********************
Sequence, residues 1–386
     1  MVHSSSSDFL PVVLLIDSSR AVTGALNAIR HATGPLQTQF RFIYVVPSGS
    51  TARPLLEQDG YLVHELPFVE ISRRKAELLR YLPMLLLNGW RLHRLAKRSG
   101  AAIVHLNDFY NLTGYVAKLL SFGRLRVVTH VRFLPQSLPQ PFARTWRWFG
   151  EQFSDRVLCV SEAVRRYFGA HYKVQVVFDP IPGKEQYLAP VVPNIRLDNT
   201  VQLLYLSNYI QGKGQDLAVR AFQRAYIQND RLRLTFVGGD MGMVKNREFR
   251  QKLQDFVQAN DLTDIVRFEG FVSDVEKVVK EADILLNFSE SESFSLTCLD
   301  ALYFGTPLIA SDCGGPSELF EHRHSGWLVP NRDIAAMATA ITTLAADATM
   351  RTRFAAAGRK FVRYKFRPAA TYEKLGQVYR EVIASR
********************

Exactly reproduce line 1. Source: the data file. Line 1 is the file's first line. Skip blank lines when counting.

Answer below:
Sequence, residues 1–386